But this has been an especially rough year for some people I know. Honestly, they’ll breathe a sigh of relief when it’s over. Sweetness just doesn’t go down very well; it gets stuck in the throat. Innocence is too far-fetched, and hope is what other people get to enjoy. Some are cynical; some are just sad. Too many losses and hurts. Too much disappointment. It’s just been a tough, tough year. So I hope you’ll understand if I preach for them tonight. I know you’ll find the sweetness in the hymns and carols and candle-light, and that’s all good. It’s all good.

It’s just that tonight is more than sentimental, so much more. Jesus is more than a sweet little baby. Jesus is the Word made flesh, God’s incarnation, the Light that is the life of all people. This night is about the mystery, and the passion.

The eternal, perfect God coming into our fragile, broken world. That’s what John’s Gospel helps us to see…

In the beginning was the Word, and the Word was with God, and the Word was God.

Jesus was there, before time began. The Word, John calls him. The Word that spoke creation into being. “In the beginning,” Genesis declares, “In the beginning, God created the heavens and the earth.” God’s Word called creation out of chaos, separated light from darkness and day from night. God spoke a Word and time began.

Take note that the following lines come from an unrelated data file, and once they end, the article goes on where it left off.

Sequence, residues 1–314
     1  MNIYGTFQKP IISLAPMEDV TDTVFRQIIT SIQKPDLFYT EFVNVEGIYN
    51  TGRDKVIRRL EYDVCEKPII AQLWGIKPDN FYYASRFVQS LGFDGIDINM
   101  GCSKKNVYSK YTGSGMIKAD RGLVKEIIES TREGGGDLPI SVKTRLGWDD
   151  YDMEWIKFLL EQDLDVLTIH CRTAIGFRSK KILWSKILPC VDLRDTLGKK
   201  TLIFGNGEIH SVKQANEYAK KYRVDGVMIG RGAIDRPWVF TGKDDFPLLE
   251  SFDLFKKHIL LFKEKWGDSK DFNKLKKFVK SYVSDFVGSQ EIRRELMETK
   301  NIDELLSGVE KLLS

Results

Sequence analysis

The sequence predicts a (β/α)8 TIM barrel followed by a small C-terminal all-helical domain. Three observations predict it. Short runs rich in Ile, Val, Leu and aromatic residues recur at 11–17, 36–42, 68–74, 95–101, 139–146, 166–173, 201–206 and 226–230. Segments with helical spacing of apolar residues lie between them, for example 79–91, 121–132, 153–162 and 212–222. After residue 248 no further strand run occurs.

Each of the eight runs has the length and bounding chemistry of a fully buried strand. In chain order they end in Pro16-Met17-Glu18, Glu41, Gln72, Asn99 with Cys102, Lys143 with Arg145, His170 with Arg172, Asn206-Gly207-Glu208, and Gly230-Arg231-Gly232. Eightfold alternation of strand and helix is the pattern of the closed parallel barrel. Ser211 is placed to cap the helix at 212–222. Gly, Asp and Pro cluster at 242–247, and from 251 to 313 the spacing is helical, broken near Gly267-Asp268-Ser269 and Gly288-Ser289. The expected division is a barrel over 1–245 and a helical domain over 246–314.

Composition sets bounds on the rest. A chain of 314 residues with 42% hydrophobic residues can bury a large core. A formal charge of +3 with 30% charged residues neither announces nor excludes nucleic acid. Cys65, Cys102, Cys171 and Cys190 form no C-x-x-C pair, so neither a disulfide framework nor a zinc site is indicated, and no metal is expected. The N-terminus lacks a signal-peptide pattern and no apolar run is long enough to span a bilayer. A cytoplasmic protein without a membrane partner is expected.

The Word was in the beginning with God. Everything came into being through him.What has come into being through him was life.

Your life, my life, the lives of all the people you love, and have loved… all life, this creation, this earth, this universe… what came into being was life, in all its fullness and richness and beauty; the patterns and complexity… This is the source of life.

And the life was the light for all people. The light shines in the darkness, and the darkness has not overcome it.

There is darkness in this world. There always has been, and always will be. People face grief and heartache, humiliation and betrayal, shock and despair. Families and communities and nations become divided. We cause each other pain and don’t know how to make it right. Sometimes it’s frightening how dark the world can be. The same world of beauty breeds ugliness; every life carries in it inevitable loss; each love has the potential of heartache. That’s how the world is.